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April 1989

Reversal of Pigment Gallstone Disease in a Canine Model

Author Affiliations

From the Departments of Surgery (Drs Dawes, Nahrwold, and Rege) and Pathology (Dr Roth), Northwestern University Medical School, and Veterans Administration Lakeside Medical Center (Drs Dawes, Nahrwold, Roth, and Rege), Chicago.

Arch Surg. 1989;124(4):463-466. doi:10.1001/archsurg.1989.01410040073017

• Unlike dietary-induced cholesterol gallstones, which may disappear spontaneously when the lithogenic diet is withdrawn, little is known about the natural history of pigment gallstones. We examined whether pigment gallstone disease, which can be uniformly induced in the dog by six weeks of a methionine-deficient diet, can be reversed by return to normal diet. As previously reported, all dogs develop pigment gallstones as well as significant increases in biliary total calcium, free ionized calcium, and cholesterol concentrations after six weeks of a lithogenic diet. These changes are accompanied by a significant increase in the concentration of unconjugated bile salts in bile. In addition, histologic changes in the gallbladder wall occur that are consistent with a moderate degree of chronic cholecystitis. This study clearly demonstrates that return to a normal diet for six weeks allows bile composition to normalize, gallstones to disappear in 50% of dogs, and gallbladder histologic changes to return toward normal. Thus, it would appear that pigment gallstone disease in this model may be reversible, at least early during its course. Although the relevance of these findings to pigment gallstones in humans must be established, the potential for nonoperative treatment of pigment gallstones should not be discounted.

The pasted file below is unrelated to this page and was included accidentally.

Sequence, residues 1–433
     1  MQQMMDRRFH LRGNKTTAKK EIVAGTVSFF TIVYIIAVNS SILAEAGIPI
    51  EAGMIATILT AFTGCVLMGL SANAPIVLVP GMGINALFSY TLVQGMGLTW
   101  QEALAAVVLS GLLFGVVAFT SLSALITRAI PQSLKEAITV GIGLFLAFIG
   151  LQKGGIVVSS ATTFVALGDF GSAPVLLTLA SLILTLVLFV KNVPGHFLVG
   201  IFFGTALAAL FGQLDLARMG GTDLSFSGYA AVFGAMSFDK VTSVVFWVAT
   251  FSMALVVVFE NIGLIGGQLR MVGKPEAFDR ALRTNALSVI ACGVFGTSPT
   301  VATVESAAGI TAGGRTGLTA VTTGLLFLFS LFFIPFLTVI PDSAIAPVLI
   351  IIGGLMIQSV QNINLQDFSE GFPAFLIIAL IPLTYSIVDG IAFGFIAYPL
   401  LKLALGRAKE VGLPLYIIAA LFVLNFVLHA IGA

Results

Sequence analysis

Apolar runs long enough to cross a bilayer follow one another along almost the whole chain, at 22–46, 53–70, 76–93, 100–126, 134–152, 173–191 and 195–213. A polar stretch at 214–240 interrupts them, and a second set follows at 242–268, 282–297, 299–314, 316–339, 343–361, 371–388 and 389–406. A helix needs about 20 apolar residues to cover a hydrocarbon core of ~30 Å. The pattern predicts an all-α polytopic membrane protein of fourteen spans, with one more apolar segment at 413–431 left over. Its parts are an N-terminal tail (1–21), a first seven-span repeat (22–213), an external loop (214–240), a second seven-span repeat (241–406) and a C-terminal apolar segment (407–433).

(Arch Surg 1989;124:463-466)